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Volvo set to be first major carmaker to forgo traditional engines

July 5, 2017

Volvo will begin producing electric motors for all its cars beginning in 2019, becoming the first traditional automaker to forgo the combustion engine altogether.

The Swedish company, which has been making cars since 1927 and has in recent decades become famous for its station wagons and safety features, said Wednesday that the decision was prompted by the wishes of customers, describing it as "one of the most significant moves by any car maker."

Volvo said it aims to reach its target of selling 1 million electrified cars by 2025, with a range of models, including fully electric vehicles and hybrid cars.

"This announcement marks the end of the solely combustion engine-powered car," CEO Hakan Samuelsson said. "People increasingly demand electrified cars, and we want to respond to our customers' current and future needs."

Volvo, which since 2010 has been owned by Chinese firm Geely, will launch five fully electric car models between 2019 and 2021. Three of them will be Volvo models and two will be electrified cars from Polestar, Volvo Cars' performance car arm.

It also plans to supplement them with a range of gasoline and diesel plug-in hybrid and mild hybrid, or 48-volt, options on all models, which the company said would be one of the "broadest electrified car offerings of any car maker."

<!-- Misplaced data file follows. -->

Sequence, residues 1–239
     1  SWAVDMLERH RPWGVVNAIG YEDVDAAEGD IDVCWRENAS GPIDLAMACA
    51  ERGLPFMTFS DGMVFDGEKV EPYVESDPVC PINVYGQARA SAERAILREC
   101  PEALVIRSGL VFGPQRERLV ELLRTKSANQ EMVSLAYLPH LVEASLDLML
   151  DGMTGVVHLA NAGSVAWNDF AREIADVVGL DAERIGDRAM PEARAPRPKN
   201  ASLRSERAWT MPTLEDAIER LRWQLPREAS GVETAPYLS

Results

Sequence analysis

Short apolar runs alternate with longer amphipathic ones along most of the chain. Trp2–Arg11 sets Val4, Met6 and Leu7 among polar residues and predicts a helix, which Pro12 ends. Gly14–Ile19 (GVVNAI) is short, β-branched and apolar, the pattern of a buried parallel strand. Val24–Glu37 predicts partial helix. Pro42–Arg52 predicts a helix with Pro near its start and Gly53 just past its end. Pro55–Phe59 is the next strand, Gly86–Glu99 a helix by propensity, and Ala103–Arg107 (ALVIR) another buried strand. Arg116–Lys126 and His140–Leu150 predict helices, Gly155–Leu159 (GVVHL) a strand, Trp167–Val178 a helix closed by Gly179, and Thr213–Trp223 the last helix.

Volvo said in April that its first electric vehicle will be a Chinese-made compact car that starts deliveries in 2019. The model will be exported globally and be based on the platform of the company’s XC40 compact SUV. China is becoming the biggest market for electric cars, and authorities are looking at ambitious production quotas that would be enforced with fines on manufacturers.

Volvo has said it is committed to help improve the environment and make cities cleaner by reducing carbon emissions, aiming to have climate neutral manufacturing operations by 2025.

Last year, the company had record sales of 534,332 cars in 100 countries, up more than 6 percent from 2015.

Conventional automakers from BMW AG to Volkswagen AG’s Audi are electrifying their line-ups to meet tightening emissions regulations and better compete with segment pioneer Tesla Inc., which starts making its third model this week. In an effort to woo reluctant customers, manufacturers are offering longer driving ranges and more attractive designs.

BMW has said an electric model dubbed the iNext will replace the 7-Series as its flagship in 2021. Daimler AG’s Mercedes plans to release 10 new electric vehicles by 2022, earlier than previously announced. Both carmakers expect battery-powered cars to account for as much 25 percent of sales in about ten years. Audi has said every model line will have a hybrid or purely battery-powered variant by 2020.

 

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